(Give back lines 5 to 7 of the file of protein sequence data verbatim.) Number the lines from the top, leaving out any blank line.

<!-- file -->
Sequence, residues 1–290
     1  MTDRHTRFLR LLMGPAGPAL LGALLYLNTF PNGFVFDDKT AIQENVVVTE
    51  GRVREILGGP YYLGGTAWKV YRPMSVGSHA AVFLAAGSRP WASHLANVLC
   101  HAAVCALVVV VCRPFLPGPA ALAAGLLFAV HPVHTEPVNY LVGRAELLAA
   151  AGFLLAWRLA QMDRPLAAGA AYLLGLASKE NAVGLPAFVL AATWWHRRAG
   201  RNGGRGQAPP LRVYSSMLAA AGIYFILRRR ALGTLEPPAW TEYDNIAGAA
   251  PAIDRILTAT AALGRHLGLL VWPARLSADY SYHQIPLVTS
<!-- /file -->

   151  AGFLLAWRLA QMDRPLAAGA AYLLGLASKE NAVGLPAFVL AATWWHRRAG
   201  RNGGRGQAPP LRVYSSMLAA AGIYFILRRR ALGTLEPPAW TEYDNIAGAA
   251  PAIDRILTAT AALGRHLGLL VWPARLSADY SYHQIPLVTS